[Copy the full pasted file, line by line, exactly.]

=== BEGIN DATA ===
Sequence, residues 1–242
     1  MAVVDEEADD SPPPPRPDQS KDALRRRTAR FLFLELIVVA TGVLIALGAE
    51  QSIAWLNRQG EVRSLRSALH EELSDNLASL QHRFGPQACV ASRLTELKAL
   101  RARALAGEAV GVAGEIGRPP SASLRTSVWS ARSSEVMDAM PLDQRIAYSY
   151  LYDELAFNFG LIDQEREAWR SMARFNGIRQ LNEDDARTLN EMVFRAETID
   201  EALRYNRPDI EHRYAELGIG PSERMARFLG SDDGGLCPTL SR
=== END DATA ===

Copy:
Sequence, residues 1–242
     1  MAVVDEEADD SPPPPRPDQS KDALRRRTAR FLFLELIVVA TGVLIALGAE
    51  QSIAWLNRQG EVRSLRSALH EELSDNLASL QHRFGPQACV ASRLTELKAL
   101  RARALAGEAV GVAGEIGRPP SASLRTSVWS ARSSEVMDAM PLDQRIAYSY
   151  LYDELAFNFG LIDQEREAWR SMARFNGIRQ LNEDDARTLN EMVFRAETID
   201  EALRYNRPDI EHRYAELGIG PSERMARFLG SDDGGLCPTL SR